From this naturally flows testable hypotheses. Let’s make one: “In places where people play more video games, more people will act violently.” Now, when you conduct an experiment, you don’t set out to prove the hypothesis. Instead, you try to disprove the “null” hypothesis – the exact opposite of what your theory says should happen. In this case, the null hypothesis is this: “In places where people play more video games, violence will show no change or will be reduced.”
If we can show that the null is not the case, our hypothesis will stand. Let’s go to the data, helpfully provided by the Washington Post:
Oh dear. From this chart, it looks like increased video game use tracks with decreased violence — well, except in the United States, the clear outlier. That doesn’t help our little theory much. It definitely doesn’t disprove the null – which means we have no choice but to reject our positive hypothesis and admit that we simply can’t show that video games cause violence.
And Nick doesn’t seem to disagree with this. Other than maligning an accomplished researcher, I’m not really sure what his point is. If it’s about our “culture of violence” and how we need to engage that discussion, who is he arguing against? Not me, certainly. But let’s be clear about the directionality of “culture” – that’s something we create, not something that’s simply foisted upon us. When I was little, my brother Zach and I watched “He-Man and the Masters of the Universe” religiously on Saturday morning, and our mom begrudgingly bought us the beefy action figures that the show relentlessly advertised. Her stipulation was that we could only have the “good guys,” and refused to provide us with the Skeletor and Beast-Man figures we so dearly wanted to have our He-Mans beat up. But I happen to know several former “Battle-Damage” Skeletor owners who have grown up to be very pleasant people. Others have wound up being assholes, but Skeletor wasn’t the problem.
It was around this same time that my grandmother bought us an Atari 2600, and I’ve been playing games – including incredibly violent ones – since then. I played Doom and Quake religiously in the ‘90s, and bought a first-gen Xbox and the ultra-violent Ninja Gaiden while stationed in Korea in 2003. I know what “gibbing” means and laugh when I see it happen on my screen (most recently, like, yesterday, in the fantastic real-time strategy PC Warhammer 40,000 franchise game Dawn of War II. Dumb Orks).
By the standards and conclusions reached in the studies my friend Nick cites, I should by now be a case study in violent psychosis – remember, these “aggressive” tendencies are supposedly cumulative. But as just about anyone who knows me can tell you, in real life I’m pretty chill – non-aggressive to a fault, I’d say. Over the course of my life, I’ve been in one actual fight – and that was with my brother on Christmas so it hardly counts.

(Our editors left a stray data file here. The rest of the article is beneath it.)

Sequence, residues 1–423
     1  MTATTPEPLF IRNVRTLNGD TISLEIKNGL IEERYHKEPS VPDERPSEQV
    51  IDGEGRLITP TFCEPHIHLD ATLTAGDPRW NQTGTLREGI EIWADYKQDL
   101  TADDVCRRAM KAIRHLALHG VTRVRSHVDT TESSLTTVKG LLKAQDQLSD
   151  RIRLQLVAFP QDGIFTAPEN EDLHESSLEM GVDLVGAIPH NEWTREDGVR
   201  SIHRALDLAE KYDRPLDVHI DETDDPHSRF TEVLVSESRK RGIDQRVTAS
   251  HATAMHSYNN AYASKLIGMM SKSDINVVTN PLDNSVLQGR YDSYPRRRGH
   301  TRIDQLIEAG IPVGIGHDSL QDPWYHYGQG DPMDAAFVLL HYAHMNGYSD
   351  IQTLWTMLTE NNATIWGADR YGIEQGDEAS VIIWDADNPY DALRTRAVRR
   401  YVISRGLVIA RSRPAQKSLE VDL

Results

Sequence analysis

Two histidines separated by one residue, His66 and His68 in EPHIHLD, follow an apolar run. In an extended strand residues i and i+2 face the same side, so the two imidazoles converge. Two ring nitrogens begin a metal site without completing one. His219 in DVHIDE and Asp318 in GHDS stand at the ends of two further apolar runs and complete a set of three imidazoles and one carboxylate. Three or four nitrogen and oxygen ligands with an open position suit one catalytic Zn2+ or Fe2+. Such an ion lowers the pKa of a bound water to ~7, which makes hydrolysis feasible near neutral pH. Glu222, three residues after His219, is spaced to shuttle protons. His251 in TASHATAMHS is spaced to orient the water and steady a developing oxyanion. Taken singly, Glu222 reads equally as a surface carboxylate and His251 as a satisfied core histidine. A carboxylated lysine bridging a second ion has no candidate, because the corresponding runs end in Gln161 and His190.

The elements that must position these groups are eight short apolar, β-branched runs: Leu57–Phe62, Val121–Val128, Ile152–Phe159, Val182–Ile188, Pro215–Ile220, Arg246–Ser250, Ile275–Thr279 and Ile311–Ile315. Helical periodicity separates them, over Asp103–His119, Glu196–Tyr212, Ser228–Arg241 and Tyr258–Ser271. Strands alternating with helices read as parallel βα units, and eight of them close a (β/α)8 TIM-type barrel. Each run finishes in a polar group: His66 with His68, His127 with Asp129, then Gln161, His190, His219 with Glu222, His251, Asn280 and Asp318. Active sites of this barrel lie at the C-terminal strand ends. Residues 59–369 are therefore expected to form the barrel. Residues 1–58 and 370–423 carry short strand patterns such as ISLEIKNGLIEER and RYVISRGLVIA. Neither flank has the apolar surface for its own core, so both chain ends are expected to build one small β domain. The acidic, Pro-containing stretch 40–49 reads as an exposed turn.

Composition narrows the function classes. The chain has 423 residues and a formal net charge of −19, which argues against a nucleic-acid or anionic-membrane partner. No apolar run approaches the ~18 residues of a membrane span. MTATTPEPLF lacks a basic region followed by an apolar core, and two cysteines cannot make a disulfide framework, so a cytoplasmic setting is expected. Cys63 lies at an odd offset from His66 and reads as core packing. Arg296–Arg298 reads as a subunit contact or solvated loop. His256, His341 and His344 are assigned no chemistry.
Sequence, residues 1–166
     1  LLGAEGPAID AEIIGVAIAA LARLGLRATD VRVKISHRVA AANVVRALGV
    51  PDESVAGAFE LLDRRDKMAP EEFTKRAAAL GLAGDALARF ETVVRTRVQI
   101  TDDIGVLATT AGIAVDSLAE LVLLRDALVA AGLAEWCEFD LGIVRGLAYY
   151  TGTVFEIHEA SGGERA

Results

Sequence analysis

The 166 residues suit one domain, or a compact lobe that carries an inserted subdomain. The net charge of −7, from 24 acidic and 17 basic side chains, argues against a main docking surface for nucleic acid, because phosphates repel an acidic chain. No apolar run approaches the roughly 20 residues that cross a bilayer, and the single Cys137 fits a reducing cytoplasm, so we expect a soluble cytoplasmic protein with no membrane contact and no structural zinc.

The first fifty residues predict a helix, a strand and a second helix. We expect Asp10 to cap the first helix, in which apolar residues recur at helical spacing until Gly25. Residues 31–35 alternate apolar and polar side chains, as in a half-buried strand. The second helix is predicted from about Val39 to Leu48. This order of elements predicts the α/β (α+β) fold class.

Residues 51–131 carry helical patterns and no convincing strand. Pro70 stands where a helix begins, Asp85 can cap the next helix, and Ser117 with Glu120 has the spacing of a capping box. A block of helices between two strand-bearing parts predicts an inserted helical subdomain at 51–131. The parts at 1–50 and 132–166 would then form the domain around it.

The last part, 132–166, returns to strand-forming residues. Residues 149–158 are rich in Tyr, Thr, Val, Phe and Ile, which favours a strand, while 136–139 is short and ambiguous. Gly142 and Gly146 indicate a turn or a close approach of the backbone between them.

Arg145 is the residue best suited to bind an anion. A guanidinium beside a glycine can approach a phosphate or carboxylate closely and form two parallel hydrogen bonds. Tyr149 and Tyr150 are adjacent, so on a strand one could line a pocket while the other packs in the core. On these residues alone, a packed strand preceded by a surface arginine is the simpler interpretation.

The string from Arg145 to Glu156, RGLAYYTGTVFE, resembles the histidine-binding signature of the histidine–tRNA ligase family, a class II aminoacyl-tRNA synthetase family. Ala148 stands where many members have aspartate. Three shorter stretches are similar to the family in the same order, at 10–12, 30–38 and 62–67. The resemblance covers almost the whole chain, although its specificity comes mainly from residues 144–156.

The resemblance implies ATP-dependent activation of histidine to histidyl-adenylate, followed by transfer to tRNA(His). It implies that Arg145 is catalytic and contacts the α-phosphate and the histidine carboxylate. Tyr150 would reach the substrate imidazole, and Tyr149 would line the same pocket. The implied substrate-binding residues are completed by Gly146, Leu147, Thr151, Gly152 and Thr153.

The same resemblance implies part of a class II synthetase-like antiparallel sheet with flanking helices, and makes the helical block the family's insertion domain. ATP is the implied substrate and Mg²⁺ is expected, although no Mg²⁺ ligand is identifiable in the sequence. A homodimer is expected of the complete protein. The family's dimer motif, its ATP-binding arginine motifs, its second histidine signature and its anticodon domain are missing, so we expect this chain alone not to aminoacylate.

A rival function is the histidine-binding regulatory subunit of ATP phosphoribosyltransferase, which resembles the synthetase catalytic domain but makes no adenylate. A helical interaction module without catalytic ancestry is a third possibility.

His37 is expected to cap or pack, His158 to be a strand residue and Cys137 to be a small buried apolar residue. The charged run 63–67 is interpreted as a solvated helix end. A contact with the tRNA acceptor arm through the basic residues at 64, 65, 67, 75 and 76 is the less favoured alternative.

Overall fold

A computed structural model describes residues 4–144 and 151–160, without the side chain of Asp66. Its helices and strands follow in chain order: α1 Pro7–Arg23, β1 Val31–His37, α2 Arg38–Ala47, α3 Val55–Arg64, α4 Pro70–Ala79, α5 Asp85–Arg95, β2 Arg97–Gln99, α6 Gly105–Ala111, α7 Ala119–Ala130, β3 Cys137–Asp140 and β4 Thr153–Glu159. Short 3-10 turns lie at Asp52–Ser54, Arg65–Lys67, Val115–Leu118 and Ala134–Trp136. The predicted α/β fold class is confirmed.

None of this is to say that all content is appropriate for children, and I’ve never claimed that it was. A Twitter friend, after seeing me rave about Rockstar Games’ (of Grand Theft Auto infamy) triumphant Red Dead Redemption, asked me if it was a game he should get for his 12-year-old son. I unequivocally said no – Red Dead Redemption is full of killing and cursing, involves depictions of rape, and has a very Western-genre storyline that is unsuitable for kids. And so does Cormac McCarthy’s Blood Meridian. Parents need to be involved in monitoring the content their kids consume, and as an adult, I’m responsible for what I consume. To help, the games industry, like the film industry, has voluntarily adopted a content-rating schema to prevent children from purchasing games with overly violent, sexual, or drug-related content.
As long as we have horrific massacres like the one in Sandy Hook, we’ll have people looking for scapegoats – they’ve done it with comic books, with rock and then rap music, and with movies. Basically the blame goes to anything poorly-understood by “adults.” Degenerate youth, you read the wrong things. You listen to the wrong things. You watch the wrong things. And now you play the wrong games. This is intellectually and morally lazy, provides cover for the parties actually responsible for the tragedy, and vilifies the innocent.
If Nicholas wants to “have the discussion,” I’m all for it. And maybe he should play a game or two – he might find out the discussion about violence is already happening.
Nota bene: For the TL;DR version of this, see John “TotalBiscuit” Bain’s brilliant YouTube video commentary on tragedy and violence. I got the WaPo chart from him.